The city will host a large traveling art exhibition

Artist Helen Cammock. (Photo by Alun Callender)

Wolverhampton is one of four cities hosting the British Art Show 9 which will see artists exhibiting at the Wolverhampton Art Gallery and the University of Wolverhampton School of Art as part of the prestigious nationwide tour.

Presented by Hayward Gallery Touring, the exhibition will run from January 22 to April 10.

The Wolverhampton Art Gallery is home to “one of the most important art collections on The Troubles” outside of Northern Ireland.

He also collects works related to the British Black Arts movement which has its roots in the city as many of its members studied at Wolverhampton School of Art.

Works on display at BAS9 will include vibrant paintings depicting the cultural experience of Hurvin Anderson, a Birmingham-born artist with Jamaican heritage, as well as furniture designed by students of Thomas Telford University Technical College (UTC) in Wolverhampton on campus from Springfield.

A new audiovisual installation by experimental rapper, producer, writer, visual and performance artist GAIKA draws on his Caribbean heritage, the culture of the sound system and is a sanctuary for his murdered uncle and other deportees of the Windrush generation.

There will also be street performances, dance, rap, photography, sculpture and visual arts.

Helen Cammock, who was born in Staffordshire, works through film, photography, print, text and performance and is one of the artists participating in the exhibition.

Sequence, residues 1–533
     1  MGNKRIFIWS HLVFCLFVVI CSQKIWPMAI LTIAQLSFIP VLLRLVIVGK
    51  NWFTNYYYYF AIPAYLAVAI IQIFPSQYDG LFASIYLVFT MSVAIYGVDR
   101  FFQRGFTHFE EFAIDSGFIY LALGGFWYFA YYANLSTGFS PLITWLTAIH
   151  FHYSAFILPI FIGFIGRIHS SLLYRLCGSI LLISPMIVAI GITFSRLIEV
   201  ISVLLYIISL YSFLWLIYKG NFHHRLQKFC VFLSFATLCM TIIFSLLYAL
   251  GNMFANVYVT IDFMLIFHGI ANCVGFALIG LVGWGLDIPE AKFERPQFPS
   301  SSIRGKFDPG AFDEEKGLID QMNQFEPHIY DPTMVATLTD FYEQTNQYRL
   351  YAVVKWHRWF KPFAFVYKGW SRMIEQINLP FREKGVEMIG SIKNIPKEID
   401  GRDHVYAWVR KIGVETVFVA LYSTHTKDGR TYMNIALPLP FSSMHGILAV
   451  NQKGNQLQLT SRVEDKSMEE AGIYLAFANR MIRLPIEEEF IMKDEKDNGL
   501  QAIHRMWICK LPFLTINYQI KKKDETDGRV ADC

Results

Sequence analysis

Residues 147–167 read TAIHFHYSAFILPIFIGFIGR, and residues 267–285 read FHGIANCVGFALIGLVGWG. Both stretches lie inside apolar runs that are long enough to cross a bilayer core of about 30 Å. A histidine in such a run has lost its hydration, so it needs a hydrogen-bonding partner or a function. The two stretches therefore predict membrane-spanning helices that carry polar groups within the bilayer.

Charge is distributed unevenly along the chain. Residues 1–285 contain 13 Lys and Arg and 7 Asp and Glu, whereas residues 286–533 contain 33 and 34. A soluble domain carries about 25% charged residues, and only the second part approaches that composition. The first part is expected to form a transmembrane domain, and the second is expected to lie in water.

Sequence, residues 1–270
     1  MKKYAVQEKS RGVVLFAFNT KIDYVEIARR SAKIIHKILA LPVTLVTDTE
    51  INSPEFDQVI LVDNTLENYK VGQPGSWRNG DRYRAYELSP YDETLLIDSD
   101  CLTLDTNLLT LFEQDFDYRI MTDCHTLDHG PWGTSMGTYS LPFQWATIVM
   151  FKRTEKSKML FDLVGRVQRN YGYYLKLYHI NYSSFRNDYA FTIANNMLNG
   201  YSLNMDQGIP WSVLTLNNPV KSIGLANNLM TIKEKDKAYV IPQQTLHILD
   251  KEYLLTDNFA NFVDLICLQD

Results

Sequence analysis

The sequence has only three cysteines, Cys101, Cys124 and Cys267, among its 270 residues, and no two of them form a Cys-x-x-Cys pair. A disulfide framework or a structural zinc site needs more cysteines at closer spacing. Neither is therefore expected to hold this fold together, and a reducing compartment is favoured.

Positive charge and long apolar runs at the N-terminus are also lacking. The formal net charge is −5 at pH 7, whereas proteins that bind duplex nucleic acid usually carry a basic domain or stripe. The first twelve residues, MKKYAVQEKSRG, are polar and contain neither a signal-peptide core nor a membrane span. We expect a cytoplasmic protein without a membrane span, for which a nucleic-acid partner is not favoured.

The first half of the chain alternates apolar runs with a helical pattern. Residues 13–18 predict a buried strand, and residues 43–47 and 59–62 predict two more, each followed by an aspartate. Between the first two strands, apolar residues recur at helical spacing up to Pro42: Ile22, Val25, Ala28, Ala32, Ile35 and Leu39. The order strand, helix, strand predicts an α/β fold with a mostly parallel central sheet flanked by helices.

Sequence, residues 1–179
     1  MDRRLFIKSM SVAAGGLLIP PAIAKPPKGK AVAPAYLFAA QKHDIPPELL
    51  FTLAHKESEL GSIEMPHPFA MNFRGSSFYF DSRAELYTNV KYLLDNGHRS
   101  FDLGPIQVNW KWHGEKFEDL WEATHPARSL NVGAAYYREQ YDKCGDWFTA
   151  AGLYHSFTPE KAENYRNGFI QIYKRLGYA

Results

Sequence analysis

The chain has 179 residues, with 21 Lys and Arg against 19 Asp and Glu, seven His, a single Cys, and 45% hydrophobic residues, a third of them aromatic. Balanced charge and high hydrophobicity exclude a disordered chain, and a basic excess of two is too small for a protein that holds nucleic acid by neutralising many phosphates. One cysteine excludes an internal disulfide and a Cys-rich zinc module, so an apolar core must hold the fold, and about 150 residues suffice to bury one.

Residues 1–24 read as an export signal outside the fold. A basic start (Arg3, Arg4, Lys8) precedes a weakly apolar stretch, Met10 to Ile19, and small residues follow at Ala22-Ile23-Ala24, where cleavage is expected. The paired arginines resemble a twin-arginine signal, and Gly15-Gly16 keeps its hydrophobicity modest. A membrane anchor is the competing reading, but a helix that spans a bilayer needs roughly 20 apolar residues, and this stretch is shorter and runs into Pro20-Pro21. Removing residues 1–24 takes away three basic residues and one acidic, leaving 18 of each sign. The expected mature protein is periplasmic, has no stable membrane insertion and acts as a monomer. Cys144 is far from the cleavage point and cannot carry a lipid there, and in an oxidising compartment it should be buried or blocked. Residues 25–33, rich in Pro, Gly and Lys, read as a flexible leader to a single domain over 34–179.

In her next exhibition for BAS9, Changing Room II (2021), Helen will explore the work of her Jamaican-born father who was an amateur ceramicist, magistrate and art teacher in Wolverhampton.

She will recreate ceramic objects he made in the 1960s, along with a new banner work, to form a multimedia installation that will be on display at both the Wolverhampton Art Gallery and the University of Wolverhampton School of Art.

Helen said: “In 2014, I made a film called Changing Room which examines my relationship with my father and explores the different barriers people face.

“I shot the whole movie at his house after he moved into a retirement home and found mold in his garage.

“They were ceramic objects that I used as characters in the film as I discussed various things including race and family aspirations.

“I used the facilities of the School of Art to redo some of these pieces that will accompany the video installation.

“BAS9 is a great show and it’s really exciting to be involved and especially when you feel like you’re coming back to where I was born, it’s like coming full circle.”

Brian Cass, Senior Curator, Hayward Gallery Touring, said: “We are delighted to be working with Wolverhampton Art Gallery and the University of Wolverhampton School of Art on British Art Show 9.

“The collections and stories of these two iconic institutions provide important context for BAS9.

“We hope that BAS9’s extraordinary range and variety of outstanding works will give all who live and visit Wolverhampton the opportunity to engage with the most exciting contemporary art produced in the UK today.”


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